The U.S. Department of Agriculture (USDA) offers various risk management products to farmers through the Federal Crop Insurance Program (FCIP) and for crops in counties where FCIP is not available through the Non-insured Crop Disaster Assistance Program (NAP).
All FCIP insurance products are actuarially sound (total premiums paid are calculated to equal or exceed total claims paid), requiring a substantial amount of data to price.
Only some counties generate sufficient data to create products for specialty crops like fruits, vegetables, tree nuts, horticulture, and nursery crops. This study characterizes recent changes in FCIP and NAP use by specialty crop farmers, compares differences among conventional and organic farms, and investigates the reasons some farmers choose to participate in these programs.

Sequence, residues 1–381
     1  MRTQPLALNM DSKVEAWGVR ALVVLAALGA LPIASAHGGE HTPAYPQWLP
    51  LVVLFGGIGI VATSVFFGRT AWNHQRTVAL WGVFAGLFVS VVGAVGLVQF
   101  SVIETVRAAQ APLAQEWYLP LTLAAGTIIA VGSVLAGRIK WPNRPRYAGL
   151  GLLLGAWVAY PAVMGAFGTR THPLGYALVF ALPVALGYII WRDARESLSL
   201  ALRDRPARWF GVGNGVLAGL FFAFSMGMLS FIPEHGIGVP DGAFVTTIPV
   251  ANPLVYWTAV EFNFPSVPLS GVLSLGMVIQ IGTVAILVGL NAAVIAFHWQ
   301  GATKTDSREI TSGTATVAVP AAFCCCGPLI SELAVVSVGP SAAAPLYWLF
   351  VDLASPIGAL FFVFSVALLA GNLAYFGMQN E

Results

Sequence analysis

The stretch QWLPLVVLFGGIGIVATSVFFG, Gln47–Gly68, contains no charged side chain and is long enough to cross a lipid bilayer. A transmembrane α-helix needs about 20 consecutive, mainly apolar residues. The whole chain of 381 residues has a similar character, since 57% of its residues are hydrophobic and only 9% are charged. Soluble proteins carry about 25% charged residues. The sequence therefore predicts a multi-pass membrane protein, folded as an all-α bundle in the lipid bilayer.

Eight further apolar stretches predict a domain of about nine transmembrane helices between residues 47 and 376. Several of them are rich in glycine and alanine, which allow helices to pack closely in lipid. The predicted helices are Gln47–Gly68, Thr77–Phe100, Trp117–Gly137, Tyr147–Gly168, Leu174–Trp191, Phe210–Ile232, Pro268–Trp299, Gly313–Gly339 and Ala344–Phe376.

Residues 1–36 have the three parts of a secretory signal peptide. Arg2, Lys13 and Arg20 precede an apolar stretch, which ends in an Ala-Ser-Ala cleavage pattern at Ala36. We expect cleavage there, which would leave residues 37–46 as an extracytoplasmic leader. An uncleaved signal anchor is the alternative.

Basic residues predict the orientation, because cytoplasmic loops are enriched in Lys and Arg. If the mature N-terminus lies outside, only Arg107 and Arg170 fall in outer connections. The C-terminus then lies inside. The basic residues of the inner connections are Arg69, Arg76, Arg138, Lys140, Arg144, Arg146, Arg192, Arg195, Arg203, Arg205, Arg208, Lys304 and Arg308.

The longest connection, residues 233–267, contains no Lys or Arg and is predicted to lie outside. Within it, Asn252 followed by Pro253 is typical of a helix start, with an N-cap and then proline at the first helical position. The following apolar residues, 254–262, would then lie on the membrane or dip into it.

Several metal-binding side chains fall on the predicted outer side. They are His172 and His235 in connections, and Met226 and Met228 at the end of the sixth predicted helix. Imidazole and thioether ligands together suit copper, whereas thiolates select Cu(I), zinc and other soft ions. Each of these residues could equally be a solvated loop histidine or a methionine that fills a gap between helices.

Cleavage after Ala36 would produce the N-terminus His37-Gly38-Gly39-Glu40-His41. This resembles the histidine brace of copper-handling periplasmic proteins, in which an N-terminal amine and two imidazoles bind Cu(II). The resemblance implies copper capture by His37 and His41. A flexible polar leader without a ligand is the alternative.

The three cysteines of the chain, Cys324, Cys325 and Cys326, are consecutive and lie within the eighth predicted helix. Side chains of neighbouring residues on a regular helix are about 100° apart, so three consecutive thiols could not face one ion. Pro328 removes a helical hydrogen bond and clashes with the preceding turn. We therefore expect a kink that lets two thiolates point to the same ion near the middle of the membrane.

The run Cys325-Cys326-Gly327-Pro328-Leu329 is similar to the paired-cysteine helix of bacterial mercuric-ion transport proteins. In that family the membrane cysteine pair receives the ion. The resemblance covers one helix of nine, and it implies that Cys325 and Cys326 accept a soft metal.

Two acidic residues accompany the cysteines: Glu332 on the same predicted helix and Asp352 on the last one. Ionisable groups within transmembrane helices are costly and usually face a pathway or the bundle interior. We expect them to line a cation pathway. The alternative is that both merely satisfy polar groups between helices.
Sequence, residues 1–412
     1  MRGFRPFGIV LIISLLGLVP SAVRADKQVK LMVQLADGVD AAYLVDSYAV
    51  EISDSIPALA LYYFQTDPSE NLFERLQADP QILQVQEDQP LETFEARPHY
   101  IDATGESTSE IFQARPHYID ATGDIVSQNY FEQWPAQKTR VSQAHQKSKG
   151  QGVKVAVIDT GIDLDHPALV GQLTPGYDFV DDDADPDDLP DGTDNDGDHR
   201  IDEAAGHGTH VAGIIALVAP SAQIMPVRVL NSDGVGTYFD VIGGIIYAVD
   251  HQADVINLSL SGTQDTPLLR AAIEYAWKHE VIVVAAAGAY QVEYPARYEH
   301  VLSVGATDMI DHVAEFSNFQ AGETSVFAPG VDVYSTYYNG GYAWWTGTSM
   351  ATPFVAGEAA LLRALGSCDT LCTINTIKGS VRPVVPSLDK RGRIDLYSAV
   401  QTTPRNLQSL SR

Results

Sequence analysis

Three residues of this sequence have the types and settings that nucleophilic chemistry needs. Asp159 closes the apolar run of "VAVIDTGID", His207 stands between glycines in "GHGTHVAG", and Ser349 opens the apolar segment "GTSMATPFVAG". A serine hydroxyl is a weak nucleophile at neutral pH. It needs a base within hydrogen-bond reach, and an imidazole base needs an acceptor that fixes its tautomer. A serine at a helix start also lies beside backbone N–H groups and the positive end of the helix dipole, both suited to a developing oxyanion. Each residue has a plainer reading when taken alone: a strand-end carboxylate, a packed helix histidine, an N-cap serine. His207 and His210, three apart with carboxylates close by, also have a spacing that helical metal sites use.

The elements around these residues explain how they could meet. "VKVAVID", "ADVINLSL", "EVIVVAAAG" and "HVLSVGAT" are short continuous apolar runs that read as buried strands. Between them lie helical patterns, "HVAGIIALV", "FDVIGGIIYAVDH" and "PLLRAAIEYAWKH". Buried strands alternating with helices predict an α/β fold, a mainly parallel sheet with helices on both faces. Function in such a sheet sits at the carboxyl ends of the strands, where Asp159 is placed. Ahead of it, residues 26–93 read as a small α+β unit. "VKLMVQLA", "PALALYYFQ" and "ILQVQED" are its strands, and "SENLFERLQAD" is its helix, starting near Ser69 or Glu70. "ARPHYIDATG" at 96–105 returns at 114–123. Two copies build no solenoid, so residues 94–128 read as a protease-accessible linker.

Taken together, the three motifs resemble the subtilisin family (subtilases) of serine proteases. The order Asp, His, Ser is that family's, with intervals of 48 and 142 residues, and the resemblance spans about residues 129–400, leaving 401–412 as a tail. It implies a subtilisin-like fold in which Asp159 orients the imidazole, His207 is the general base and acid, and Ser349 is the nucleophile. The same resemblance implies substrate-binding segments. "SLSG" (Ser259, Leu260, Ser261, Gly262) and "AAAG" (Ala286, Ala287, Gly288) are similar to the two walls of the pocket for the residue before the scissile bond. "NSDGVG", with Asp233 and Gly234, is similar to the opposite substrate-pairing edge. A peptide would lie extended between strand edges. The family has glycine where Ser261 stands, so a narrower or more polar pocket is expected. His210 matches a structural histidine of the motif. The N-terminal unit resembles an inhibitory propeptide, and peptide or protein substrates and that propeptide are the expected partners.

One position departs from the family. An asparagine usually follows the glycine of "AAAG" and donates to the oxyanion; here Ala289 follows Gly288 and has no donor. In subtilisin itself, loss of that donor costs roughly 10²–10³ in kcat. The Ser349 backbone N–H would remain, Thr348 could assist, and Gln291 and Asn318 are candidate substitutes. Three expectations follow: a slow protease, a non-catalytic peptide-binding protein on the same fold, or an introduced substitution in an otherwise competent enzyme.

Specialty crop growers increased the value of their crops insured by FCIP products from about $12 billion in 2011 to about $21 billion in 2020 (not adjusted for inflation). In 2017, FCIP or NAP covered a significant portion of acreage for many crops.